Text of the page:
- Chafee Bldg, Rm 173
- Phone: 401.874.2627
- Email: email@example.com
Dr. Nichols has taught in the URI Philosophy Department since 2002. As a Lecturer, his chief focus has been on classroom teaching, with particular concern for the philosophical development of undergraduate students. Outside of the university, Dr. Nichols and his wife enjoy homeschooling their three children in a classical curriculum, centered on oft-neglected disciplines of our Western intellectual tradition, including Greek, Latin, music, art, and, of course, philosophy. Dr. Nichols and his family are active in the communities of the Greek Orthodox Church of the Annunciation of Cranston, RI, and the Music School of the Rhode Island Philharmonic of East Providence, RI. In his spare time, Dr. Nichols especially enjoys playing classical guitar, studying Shakespeare, and Italian opera.
Dr. Nichols’ research interests are focused on the areas of philosophy of religion, philosophical hermeneutics, phenomenology, philosophy of human nature, metaphysics, and the history of Western philosophy generally. Since coming to URI in 2002, he has taught Introduction to Philosophy, Theories of Human Nature, Ancient Philosophy, Ethics, Logic, Introduction to Asian Philosophies and Religions, and Judaism, Christianity, and Islam.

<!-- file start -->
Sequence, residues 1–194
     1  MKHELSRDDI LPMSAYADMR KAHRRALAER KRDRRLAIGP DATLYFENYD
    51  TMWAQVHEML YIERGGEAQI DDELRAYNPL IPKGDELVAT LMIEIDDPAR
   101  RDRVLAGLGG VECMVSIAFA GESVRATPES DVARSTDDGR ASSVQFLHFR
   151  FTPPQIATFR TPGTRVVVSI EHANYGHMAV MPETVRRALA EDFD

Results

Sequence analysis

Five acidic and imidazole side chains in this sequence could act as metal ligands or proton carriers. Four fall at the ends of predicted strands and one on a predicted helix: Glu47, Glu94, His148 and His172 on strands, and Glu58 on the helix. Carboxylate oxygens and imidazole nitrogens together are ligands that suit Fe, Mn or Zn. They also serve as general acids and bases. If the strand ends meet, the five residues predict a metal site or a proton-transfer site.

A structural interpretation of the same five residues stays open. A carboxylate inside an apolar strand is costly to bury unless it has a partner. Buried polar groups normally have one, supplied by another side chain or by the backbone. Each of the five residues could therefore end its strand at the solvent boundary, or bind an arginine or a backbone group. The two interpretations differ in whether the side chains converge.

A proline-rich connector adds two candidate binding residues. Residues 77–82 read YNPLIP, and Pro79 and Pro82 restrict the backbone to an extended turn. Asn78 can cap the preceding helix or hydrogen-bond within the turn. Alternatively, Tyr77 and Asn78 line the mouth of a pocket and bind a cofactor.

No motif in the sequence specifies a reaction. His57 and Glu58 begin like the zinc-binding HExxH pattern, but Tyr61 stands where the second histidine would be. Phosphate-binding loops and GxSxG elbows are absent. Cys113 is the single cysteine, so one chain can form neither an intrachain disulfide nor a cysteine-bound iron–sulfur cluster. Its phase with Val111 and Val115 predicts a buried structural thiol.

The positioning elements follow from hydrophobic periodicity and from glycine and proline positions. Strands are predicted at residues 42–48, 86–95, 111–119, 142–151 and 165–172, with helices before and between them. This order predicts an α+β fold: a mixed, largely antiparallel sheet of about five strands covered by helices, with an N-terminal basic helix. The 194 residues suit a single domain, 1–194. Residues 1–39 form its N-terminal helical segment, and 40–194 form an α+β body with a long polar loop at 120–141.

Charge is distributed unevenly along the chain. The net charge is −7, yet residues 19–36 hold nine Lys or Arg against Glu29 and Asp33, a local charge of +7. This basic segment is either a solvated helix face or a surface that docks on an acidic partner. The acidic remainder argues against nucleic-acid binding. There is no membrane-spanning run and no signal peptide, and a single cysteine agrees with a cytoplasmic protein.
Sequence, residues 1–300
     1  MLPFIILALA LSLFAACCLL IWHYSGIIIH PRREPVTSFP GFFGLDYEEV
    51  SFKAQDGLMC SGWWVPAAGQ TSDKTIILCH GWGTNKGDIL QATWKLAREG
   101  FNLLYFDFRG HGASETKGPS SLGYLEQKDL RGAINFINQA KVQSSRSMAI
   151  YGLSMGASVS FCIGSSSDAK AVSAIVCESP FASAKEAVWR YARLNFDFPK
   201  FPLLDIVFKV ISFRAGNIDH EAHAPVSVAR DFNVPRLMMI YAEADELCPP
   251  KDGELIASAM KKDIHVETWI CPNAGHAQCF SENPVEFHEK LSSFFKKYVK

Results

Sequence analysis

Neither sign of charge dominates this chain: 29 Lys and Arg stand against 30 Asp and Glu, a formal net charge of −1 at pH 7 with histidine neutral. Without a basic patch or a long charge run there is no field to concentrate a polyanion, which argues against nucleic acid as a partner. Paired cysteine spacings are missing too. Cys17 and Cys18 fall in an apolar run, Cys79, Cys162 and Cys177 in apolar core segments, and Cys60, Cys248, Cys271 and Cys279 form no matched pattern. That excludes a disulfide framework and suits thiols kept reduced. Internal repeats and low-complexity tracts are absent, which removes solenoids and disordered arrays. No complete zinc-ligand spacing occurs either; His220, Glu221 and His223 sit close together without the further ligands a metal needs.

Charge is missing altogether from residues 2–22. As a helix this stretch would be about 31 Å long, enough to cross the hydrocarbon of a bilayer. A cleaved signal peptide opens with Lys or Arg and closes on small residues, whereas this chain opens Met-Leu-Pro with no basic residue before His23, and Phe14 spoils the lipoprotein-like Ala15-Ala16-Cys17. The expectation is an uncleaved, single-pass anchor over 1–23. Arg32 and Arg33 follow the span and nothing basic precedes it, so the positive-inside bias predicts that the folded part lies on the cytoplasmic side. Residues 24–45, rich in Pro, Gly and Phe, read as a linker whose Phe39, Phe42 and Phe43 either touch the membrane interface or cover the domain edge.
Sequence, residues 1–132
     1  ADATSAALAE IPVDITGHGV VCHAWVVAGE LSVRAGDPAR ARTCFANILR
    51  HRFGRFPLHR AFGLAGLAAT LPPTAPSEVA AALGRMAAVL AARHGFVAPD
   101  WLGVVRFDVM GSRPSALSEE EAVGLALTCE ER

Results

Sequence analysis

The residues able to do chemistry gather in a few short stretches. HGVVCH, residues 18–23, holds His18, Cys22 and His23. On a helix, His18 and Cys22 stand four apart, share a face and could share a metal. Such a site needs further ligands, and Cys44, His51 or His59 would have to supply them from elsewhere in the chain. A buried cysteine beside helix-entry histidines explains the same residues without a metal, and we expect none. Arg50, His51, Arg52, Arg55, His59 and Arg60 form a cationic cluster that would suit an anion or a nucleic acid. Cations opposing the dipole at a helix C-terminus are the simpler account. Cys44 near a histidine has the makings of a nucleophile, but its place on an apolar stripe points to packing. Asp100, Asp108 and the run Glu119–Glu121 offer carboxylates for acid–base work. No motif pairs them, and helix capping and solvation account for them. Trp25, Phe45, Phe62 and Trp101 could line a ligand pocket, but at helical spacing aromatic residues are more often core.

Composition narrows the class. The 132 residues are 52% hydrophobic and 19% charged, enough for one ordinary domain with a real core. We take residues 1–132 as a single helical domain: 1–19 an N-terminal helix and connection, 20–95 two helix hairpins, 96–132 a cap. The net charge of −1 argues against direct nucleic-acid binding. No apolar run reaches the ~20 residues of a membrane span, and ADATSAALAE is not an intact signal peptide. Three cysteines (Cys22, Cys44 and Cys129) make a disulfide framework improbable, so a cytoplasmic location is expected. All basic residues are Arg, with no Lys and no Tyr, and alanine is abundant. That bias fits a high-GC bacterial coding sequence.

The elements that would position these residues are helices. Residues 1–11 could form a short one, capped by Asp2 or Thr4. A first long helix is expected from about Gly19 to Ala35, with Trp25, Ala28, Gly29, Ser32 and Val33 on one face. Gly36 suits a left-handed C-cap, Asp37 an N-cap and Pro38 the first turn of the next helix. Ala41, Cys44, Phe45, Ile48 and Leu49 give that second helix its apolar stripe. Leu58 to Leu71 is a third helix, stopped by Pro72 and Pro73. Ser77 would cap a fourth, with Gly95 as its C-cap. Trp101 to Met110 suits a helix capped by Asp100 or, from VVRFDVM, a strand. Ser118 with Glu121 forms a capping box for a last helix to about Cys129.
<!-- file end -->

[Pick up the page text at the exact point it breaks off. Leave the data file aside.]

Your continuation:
- Ph.D., Boston University, Philosophy of Religion, 2001
Dissertation: The Context of Being: Heidegger’s Critique of Kant, Schelling, and Hegel
- M.T.S. (summa cum laude), Boston University, Philosophical Theology, 1995
(includes coursework in the Boston Theological Institute Consortium Schools of Harvard University and Gordon-Conwell Theological Seminary)
- B.A. (summa cum laude), North Central University, Biblical Languages/Literature, 1992
- B.A. (summa cum laude), North Central University, Theology, 1992
“Christian Orthodoxy, Fundamentalism, and Violence.” In Religion, Fundamentalism and Violence: An Interdisciplinary Dialogue (Scranton: University of Scranton Press, 2010), 211-38.
“Beyond Liberal and Conservative: Freedom, Transcendence, and the Human Condition in Arendt, Jaspers, and Niebuhr.” Yearbook of the Austrian Karl Jaspers Society 21 (2008): 119-50. (Originally published in Existenz: An International Journal in Philosophy, Religion, Politics, and the Arts 1:1-2 (Fall, 2006): 16-30. Available online at: http://www.bu.edu/paideia/existenz/volumes/Vol.1Nichols.pdf)
“The God Who May Be and the God Who Was.” In After God , ed. John. P. Manoussakis (New York: Fordham University Press, 2006), 111-26.
“The Eschatological Theogony of the God Who May Be: Exploring the Concept of Divine Presence in Kearney, Hegel, and Heidegger.” Metaphilosophy 36:5 (October, 2005), 750-61.